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Jesus told them, "The harvest is plentiful, but the workers are few. Ask the Lord of the harvest, therefore, to send out workers into his harvest field." Luke 10:2 (NIV)


Lesson 11

The Best Object of Faith

The Lord gave Habakkuk an unpleasant task as a prophet. He got to tell the nation of Judah that they were wicked enough that God was going to punish them by means of the Babylonians who were ten times worse. Habakkuk was convinced that God had made a moral error in deciding to punish the bad by means of the worse, and told Him so. When the Lord failed to change His mind, Habakkuk did some serious soul searching.

As a result of his inner struggle Habakkuk, the prophet with the goofy name, reached a staggering conclusion—a conclusion that shaped all of the theology of Paul and later all of the Reformation of Martin Luther. Habakkuk said, “The just shall live by his faith” (Hab. 2:4). And to show that he knew what he was prophesying about, Habakkuk ended his prophecy with this prayer:

Though the fig tree may not blossom,

Nor fruit be on the vines;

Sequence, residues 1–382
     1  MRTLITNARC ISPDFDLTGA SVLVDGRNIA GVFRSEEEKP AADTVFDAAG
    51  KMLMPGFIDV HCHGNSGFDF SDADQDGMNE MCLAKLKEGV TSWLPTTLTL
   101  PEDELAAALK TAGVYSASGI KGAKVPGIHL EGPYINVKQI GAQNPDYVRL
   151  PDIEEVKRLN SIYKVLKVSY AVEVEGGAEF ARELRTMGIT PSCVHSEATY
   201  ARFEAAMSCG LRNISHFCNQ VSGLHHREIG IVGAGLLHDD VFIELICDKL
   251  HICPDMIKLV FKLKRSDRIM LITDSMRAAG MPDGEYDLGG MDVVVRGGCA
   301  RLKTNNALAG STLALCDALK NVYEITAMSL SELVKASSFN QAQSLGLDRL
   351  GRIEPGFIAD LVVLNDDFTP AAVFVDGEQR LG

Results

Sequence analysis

Though the labor of the olive may fail,

And the fields yield no food;

Though the flock may be cut off from the fold,

And there be no herd in the stalls —

Yet I will rejoice in the Lord,

I will joy in the God of my salvation.

The Lord God is my strength;

He will make my feet like deer's feet,

And He will make me walk on my high hills.

—Habakkuk 3:17–19

Hebrews 10:37 and 38 quoted Habakkuk 2:3 and 4. The writer of Hebrews then devoted the longest chapter of the epistle to the importance of faith in Christ to his readers who were struggling with the temptation to revert to their former Jewish religion.
I. Real Faith and the Reality
The first seven verses of Hebrews 11 describe faith and illustrate how faith in God and His Word provide a basic framework for understanding and dealing with reality.